Non-traditional student Steve Culver discovered his passion for mechanical engineering in college, but it wasn’t until the summer after his first year at TCU that he decided what he truly wanted to do with his degree. That summer, Culver took a trip to Southeast Asia that changed the direction of his life.
“While riding my motorcycle in the countryside of Cambodia, I learned two things that have really changed my life. First, Cambodia has more land mines per square mile than anywhere in the world. Second, Cambodia has one of the worst healthcare systems in the world. As a result of these situations, the country has many people that do not have legs, and little hope for rehabilitation,” Culver said.
“I had to look at these people and their suffering and realize I was powerless to do anything for them,” he said.
Culver had returned from his Cambodia trip with a new passion, and told his academic advisor at TCU that he wanted to build prosthetic devices with his mechanical engineering degree.
Over the summer, Culver had the opportunity of working as a research intern with Michael Goldfarb, professor of engineering and director of the Center for Intelligent Mechatronics at Vanderbilt University. Culver’s summer project involved programming Vanderbilt’s ankle-powered prosthesis prototype. He is currently in the process of writing a paper about his experience, which he is hoping will be published in a scientific journal.
Prior to TCU, Culver was in the military. He entered in 2005 at the age of 18 after high school, and during his time in the Marine Corps infantry he made three deployments to Iraq.
Once he was discharged from the Marines, Culver worked as a defense contractor in the U.S. for a year and a half, and in Baghdad for an additional three years. Culver started to realize that he was not passionate about what he was doing, and did not find his work fulfilling. As part of a high-treat protection team, he would visit multiple venues in Baghdad. After ISIS took over a base he frequented with his team while completing contract work, Culver decided he was ready to pursue a college degree. Coincidentally, within one week of departing from his contractor work, Culver received his acceptance letter for TCU.
When he discovered that the TCU Department of Engineering focuses on the success of its undergraduates, and allows them to work and study their specialization before graduate school, Culver was hooked. As he learned more about TCU, including its mission and the fact that it is a veteran-friendly school, Culver’s interest grew. The deciding factor was when Culver found out that TCU offers the Yellow Ribbon Program, which covers tuition for veterans. He said, “This was an opportunity to receive a quality education from a prestigious private school using my GI bill benefits. For me, I think the decision was a very good one.”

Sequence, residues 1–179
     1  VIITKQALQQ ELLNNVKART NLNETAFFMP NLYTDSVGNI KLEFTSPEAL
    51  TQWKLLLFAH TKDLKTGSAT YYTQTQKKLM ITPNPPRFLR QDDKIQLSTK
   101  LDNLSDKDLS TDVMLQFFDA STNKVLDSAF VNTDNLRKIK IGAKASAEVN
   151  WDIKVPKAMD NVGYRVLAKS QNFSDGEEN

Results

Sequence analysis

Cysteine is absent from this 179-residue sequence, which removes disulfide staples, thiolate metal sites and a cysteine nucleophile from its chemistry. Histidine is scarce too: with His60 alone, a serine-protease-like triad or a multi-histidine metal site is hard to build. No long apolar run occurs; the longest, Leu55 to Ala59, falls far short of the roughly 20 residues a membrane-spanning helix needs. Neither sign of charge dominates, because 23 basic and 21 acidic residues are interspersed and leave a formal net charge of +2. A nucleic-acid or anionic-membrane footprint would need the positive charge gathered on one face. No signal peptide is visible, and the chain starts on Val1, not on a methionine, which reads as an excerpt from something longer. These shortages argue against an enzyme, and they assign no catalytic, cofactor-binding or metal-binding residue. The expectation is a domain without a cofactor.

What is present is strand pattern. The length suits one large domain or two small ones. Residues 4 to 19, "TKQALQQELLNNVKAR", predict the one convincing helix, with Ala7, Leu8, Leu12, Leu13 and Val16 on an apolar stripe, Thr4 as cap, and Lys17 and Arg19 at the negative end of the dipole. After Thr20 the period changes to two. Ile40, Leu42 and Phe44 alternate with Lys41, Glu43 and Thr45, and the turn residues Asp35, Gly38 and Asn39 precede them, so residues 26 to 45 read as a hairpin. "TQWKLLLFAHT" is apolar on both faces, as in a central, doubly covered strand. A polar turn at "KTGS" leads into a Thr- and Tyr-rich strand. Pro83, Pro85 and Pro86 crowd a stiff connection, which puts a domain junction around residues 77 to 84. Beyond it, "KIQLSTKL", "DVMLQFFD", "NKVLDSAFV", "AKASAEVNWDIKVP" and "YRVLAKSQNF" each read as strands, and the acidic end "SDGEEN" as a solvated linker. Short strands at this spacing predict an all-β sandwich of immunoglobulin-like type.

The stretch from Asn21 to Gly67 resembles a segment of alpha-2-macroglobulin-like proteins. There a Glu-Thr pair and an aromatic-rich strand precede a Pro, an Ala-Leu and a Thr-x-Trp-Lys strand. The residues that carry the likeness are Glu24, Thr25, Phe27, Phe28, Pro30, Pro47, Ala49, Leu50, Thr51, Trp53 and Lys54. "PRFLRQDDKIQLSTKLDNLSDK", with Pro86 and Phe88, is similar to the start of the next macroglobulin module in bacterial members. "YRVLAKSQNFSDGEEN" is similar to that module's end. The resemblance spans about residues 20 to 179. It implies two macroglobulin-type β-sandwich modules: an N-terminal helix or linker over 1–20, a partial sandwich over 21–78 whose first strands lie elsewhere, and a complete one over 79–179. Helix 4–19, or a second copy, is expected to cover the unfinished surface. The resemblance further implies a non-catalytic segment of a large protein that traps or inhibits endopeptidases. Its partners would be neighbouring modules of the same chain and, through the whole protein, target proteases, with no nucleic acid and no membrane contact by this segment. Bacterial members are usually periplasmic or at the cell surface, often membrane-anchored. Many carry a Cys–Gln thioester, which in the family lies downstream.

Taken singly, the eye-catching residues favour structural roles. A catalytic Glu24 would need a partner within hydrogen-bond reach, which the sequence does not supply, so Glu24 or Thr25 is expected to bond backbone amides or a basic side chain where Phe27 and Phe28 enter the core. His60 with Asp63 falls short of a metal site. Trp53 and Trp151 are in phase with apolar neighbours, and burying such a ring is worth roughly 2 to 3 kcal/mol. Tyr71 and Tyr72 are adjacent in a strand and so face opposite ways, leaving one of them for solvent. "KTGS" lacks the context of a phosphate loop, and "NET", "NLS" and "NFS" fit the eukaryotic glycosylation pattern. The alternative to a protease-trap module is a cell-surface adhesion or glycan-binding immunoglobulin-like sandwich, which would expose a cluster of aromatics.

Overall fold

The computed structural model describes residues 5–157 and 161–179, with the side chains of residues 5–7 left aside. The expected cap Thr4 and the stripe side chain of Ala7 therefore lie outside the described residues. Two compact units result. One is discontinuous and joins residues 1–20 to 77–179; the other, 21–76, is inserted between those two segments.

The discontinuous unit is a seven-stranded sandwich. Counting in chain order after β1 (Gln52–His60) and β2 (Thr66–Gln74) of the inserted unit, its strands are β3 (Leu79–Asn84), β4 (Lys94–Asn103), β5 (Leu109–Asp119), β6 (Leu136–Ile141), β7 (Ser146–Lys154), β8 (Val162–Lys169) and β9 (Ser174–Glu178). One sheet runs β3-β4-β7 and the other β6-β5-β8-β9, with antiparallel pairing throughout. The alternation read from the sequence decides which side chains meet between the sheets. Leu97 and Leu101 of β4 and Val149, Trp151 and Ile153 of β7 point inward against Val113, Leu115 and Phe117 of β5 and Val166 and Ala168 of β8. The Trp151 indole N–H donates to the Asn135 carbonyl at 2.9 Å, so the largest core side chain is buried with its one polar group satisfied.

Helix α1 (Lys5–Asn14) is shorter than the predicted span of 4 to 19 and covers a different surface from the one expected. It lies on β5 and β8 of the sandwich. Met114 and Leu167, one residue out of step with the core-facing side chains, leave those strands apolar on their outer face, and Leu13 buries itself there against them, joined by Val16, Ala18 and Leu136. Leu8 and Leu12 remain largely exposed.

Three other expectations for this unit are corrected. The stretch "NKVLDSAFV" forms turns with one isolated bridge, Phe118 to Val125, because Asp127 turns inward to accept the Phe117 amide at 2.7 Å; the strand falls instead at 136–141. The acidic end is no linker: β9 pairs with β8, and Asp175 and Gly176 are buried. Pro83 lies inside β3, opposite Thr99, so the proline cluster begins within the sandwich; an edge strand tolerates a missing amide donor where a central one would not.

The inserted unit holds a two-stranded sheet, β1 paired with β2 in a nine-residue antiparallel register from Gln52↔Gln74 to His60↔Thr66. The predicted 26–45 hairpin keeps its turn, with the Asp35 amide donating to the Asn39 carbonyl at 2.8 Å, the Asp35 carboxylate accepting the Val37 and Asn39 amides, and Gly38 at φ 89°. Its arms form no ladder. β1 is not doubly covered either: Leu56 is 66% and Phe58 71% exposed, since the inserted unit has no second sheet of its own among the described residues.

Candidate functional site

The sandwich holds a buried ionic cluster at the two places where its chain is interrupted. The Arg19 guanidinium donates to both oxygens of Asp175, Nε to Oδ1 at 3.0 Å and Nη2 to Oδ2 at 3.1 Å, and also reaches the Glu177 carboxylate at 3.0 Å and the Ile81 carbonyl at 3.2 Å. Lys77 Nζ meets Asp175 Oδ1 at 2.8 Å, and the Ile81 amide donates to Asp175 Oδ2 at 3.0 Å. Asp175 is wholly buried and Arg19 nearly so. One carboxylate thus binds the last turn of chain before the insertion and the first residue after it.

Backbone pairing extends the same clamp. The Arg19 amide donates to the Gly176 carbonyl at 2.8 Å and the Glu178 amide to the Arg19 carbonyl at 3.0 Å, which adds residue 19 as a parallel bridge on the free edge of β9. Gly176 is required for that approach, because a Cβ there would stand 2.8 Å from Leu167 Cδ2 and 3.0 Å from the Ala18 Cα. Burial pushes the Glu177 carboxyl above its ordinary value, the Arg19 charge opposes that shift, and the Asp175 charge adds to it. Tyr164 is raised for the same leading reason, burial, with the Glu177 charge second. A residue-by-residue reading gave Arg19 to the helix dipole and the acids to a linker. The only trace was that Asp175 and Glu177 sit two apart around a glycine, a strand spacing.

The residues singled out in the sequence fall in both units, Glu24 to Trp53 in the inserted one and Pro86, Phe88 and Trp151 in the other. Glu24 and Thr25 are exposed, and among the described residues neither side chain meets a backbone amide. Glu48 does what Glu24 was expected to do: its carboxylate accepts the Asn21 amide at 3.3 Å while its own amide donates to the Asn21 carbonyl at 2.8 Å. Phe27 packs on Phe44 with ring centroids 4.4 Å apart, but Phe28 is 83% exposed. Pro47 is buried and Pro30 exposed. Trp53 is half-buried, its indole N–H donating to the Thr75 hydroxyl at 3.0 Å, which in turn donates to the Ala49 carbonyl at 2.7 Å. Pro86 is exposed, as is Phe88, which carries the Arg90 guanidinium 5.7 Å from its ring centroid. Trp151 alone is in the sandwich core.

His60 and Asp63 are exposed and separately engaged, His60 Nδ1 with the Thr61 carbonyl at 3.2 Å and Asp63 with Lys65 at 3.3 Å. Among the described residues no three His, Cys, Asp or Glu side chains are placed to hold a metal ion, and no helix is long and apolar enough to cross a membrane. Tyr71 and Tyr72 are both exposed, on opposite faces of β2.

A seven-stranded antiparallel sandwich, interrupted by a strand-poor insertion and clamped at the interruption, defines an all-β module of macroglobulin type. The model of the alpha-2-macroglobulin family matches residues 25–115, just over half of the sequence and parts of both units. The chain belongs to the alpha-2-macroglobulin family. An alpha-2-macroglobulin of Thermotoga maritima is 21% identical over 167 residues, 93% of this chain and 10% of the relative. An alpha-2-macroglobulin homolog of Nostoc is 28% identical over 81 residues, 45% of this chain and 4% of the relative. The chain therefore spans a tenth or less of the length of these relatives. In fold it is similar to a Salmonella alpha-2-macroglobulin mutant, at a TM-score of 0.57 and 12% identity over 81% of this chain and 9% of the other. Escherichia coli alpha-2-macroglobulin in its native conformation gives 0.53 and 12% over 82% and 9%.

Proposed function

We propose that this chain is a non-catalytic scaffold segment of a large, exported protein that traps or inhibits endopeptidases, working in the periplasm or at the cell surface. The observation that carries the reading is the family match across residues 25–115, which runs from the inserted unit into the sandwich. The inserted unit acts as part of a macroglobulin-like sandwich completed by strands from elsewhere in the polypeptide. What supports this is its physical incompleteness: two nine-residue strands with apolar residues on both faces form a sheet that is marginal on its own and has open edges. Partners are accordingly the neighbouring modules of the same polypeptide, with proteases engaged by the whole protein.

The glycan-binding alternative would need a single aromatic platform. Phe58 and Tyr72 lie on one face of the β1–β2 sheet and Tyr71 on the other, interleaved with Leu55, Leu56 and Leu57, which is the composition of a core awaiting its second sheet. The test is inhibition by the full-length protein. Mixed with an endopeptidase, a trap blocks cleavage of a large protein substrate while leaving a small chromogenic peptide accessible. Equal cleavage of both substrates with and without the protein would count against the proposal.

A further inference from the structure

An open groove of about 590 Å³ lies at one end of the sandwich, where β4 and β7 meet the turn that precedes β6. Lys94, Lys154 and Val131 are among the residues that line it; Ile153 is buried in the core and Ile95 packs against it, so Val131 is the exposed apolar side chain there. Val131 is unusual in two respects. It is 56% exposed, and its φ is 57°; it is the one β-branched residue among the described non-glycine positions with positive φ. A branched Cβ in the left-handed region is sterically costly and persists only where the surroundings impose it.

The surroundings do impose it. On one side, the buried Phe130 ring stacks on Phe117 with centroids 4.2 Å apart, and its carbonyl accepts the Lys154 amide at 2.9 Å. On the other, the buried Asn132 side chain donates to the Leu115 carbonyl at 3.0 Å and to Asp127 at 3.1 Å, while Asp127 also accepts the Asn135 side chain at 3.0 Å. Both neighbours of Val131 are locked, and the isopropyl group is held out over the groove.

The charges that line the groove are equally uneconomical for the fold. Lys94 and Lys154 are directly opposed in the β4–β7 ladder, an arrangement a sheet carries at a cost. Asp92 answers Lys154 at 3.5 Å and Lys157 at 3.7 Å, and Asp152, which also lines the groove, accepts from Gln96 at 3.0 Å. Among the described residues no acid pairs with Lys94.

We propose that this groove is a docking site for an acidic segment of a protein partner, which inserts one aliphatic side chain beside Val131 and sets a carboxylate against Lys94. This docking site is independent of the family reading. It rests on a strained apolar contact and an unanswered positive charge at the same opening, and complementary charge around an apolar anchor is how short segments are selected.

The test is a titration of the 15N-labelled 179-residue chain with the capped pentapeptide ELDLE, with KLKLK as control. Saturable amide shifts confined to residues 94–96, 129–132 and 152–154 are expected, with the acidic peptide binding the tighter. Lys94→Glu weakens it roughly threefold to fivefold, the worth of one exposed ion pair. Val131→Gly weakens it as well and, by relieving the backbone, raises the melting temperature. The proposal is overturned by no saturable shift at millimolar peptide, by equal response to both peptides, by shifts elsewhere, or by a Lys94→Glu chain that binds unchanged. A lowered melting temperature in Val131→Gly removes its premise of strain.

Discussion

Culver attributes his success to the faculty at TCU. He said, “Students at TCU are blessed to have a lot of great faculty and staff here.” He is thankful for his advisor Stephen Weis, professor of engineering, who has been a mentor throughout his academic career. Some other helpful and inspiring faculty and staff that Culver has interacted with include Walt Williamson, professor of engineering and department chair, and Teresa Berry, administrative assistant in engineering. He described Berry as “the grandmother of engineering” because visiting with her is a nice escape from studying and research, and she always has an endless supply of snacks.
Culver has discovered personal growth and creativity from his time at TCU. He said, “something I love about college is that it is an environment that is all about the promotion of growth.” Culver considers himself a very creative person and he believes that creativity is necessary to be an effective engineer. At TCU, he does not feel ridiculed for trying to do something new, innovate or think outside of the box. Instead, Culver has been told, “that sounds like a good idea, why don’t we try that?”
Culver wants to take what he has learned and share that with other students, so he created a non-profit student organization called V.E.T.S. (Veterans in Engineering Technology and Science), an organization he founded with six other CSE non-traditional students. The program, geared toward veteran, non-traditional, and military-connected students pursuing STEM degrees, seeks to promote academic excellence within the TCU College of Science & Engineering (CSE). The organization’s mission is build a social network of people, provide motivation to younger students to help them stick with their academic and career goals, and build a professional network to help connect students to future careers.
Culver attributes his opportunity at Vanderbilt to the connections he has made at TCU, and he wants to give that to other students from the small scale of the engineering department to a larger scale of the entire CSE.
Engineering involves hard work and invested time, but if Culver feels like he can contribute to changing the world through his work, his work is not really “work” at all.